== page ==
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A Kinetic Cloud of Humanity for Moynihan Train Hall

A Kinetic Cloud of Humanity for Moynihan Train Hall
  • PublishedSeptember 24, 2023

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A bouncy strut, a dart-and-weave, a dawdle with a dog. A stroller, a grocery cart, a wheelchair. A burqa, a beanie, a bowler.

The diversity of those animated images in a new, silent four-channel video playing now on the huge, elevated screens at Moynihan Train Hall in Manhattan mirrors the mix of commuters below.

The video is a site-specific commission by the artist, animator and director Joshua Frankel that will run in 30-second loops every 15 minutes, across a 160-foot-wide LED display as part of the Art at Amtrak program, which in New York has recently diversified from murals into video art. (Frankel’s work is surrounded by permanent stationary installations by Kehinde Wiley, Stan Douglas and Elmgreen & Dragset, introduced in 2020 in a separate program.)

Both Frankel’s commission, called “Within the crowd there is a quality,” and his exhibition of the same name, opening Nov. 1 at Hesse Flatow, a gallery several blocks away, are “deeply, personally meaningful for me,” Frankel said. His grandfather worked for two decades for the U.S. Postal Service in the James A. Farley Building that now houses the train hall. Frankel, 43, grew up nearby, at 43rd Street and 10th Avenue in Manhattan’s Hell’s Kitchen.

During an interview in the Amtrak offices above the busy train hall, Frankel said his interest in crowds developed during the social isolation of the Covid-19 pandemic.

“I was thinking about my hunger to be in crowds,” he said, adding that he had previously worked on theatrical projects for live audiences. Meanwhile, protests and counterprotests — some violent — were happening worldwide. Crowds, he realized, had “deeply positive associations and deeply scary associations and I was interested in exploring how those intersected.”

For the Moynihan project, Frankel videotaped people walking through public spaces in New York over the course of a single day. He then edited the footage to 25 figures, including a dog and a pigeon, that he reproduced by hand as animation cels. He felt he was “casting an ensemble.”

“Within the crowd there is a quality” plays on a phrase from a 1960 book, “Crowds and Power,” by Elias Canetti, a 1981 Nobel laureate in literature. It explored the pathology of crowds of all kinds — from Mecca pilgrims to soccer fans, from the dawn of history through the rise of Fascism, with a special interest in the ways crowds can coalesce, cohere and collapse, and the chaos they can create. It was written in the wake of World War II, which Canetti — a Jew who fled the Nazis — saw at close range.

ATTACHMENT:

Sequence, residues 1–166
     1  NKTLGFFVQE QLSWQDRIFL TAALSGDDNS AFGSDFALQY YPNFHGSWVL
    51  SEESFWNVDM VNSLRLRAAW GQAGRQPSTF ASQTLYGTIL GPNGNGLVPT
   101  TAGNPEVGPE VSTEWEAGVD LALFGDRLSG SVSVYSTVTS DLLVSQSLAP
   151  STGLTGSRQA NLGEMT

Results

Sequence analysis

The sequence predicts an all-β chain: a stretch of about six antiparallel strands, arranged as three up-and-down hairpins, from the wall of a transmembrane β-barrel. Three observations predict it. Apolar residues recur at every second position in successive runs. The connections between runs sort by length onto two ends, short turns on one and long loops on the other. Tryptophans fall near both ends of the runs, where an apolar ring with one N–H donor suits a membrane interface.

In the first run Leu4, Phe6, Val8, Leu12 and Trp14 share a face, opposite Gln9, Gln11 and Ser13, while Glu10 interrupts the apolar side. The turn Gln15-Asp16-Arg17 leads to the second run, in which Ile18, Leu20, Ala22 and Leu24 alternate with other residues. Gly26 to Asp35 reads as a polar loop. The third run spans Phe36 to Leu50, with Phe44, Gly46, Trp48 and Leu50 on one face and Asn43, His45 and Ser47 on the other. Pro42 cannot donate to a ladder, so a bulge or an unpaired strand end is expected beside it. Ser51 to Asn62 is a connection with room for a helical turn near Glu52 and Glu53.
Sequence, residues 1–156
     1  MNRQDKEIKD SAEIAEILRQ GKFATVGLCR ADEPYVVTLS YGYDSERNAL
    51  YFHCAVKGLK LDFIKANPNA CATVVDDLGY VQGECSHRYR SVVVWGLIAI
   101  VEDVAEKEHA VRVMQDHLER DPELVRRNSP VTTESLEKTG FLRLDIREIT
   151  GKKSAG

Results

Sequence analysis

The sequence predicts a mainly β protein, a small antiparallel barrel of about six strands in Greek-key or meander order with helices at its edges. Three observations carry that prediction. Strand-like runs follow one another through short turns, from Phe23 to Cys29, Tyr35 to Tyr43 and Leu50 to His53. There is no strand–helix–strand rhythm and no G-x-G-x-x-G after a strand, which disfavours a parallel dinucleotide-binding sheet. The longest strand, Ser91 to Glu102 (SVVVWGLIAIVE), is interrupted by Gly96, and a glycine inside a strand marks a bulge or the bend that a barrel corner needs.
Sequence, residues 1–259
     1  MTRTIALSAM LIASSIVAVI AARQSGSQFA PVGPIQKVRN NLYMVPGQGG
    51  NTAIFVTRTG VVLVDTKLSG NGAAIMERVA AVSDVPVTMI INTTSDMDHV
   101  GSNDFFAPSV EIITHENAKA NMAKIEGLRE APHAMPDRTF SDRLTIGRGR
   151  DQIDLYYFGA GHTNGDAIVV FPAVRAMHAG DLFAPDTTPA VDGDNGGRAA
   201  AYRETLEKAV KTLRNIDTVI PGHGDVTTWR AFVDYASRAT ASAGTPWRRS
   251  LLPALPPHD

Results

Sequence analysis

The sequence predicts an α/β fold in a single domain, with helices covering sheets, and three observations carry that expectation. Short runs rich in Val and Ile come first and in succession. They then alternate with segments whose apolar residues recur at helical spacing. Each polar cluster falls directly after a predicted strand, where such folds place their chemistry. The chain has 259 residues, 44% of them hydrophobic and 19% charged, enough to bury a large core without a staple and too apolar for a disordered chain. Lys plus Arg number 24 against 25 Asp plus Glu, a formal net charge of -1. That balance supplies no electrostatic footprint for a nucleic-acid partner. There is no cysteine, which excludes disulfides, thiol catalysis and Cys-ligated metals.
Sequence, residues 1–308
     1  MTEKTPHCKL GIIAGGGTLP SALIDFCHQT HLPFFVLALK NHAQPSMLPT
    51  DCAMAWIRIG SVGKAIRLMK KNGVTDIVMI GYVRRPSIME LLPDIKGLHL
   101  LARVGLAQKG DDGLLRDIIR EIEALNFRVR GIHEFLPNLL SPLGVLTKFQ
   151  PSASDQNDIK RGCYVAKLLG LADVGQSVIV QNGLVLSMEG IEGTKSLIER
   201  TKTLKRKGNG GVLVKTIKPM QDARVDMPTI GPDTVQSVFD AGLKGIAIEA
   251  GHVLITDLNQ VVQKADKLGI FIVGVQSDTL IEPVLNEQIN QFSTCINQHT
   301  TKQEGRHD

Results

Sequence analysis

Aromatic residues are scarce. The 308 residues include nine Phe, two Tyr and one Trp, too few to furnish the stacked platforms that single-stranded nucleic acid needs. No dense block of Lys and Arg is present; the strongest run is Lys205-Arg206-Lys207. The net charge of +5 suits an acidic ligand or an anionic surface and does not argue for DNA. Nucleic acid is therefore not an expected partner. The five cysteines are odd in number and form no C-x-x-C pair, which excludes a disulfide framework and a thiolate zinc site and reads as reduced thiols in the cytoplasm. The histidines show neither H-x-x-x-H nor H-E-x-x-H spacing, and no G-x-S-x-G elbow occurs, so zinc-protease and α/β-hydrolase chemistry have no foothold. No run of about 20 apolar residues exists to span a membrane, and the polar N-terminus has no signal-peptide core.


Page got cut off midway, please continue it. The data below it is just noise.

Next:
However, there are “plenty of things about the book that are weird and don’t age well,” Frankel cautioned. Over the course of Frankel’s video at Moynihan, pedestrians crisscross the four screens, synchronize their steps, and then fall out of pace again. It’s deliberately subtle; Frankel learned from his own experience with art in the nearby schoolyard of P.S. 41 that public art can reward repeated viewings.

His practice includes public murals, some created with his wife, the artist Eve Biddle. She co-directs the Wassaic Project, an artist-run community in New York’s Dutchess County, where she and Frankel are raising their two children. A former horse barn now houses their art studios (his is filled with cyanotypes, film stills and a desk dripping with wires from a triptych of monitors).

Debra Simon, the curator of Art at Amtrak, has long been fascinated by the patterns people make, often inadvertently, in the public spaces where she has focused her career, likening them to improvised flash-mob performances.

Simon was first impressed by Frankel’s work in 2017 when she saw an excerpt from “A Marvelous Order,” an opera that he had conceived with the composer Judd Greenstein and the former U.S. Poet Laureate Tracy K. Smith, on the epic battles between Robert Moses and Jane Jacobs over the fate of New York’s public spaces and street life.

Frankel directed the presentation, with live music and vocalists, and it featured his animations across roughly 50 video screens on several levels of Manhattan’s Fulton Center transit hub, as part of the River to River Festival (which Simon co-founded). The full opera premiered at Penn State’s Center for the Performing Arts in 2021, receiving a rave review from The Wall Street Journal, and Frankel is planning to announce its return to the stage in 2024. (Another play on a similar subject, by David Hare, called “Straight Line Crazy,” opened last year at the Shed.)

At Hesse Flatow, where Frankel will show paintings, sculpture, and video art Nov. 1-18, he has created a centerpiece with the animation cels from his Moynihan project, hanging them in Lucite cases from the gallery ceiling to create a kinetic cloud of figures in motion.

His paintings portray crowds too. “I wanted that kinetic energy that only hand and brush can bring to explore the feeling of losing oneself in a crowd — for better or worse — that words, even Canetti’s, can’t express.”

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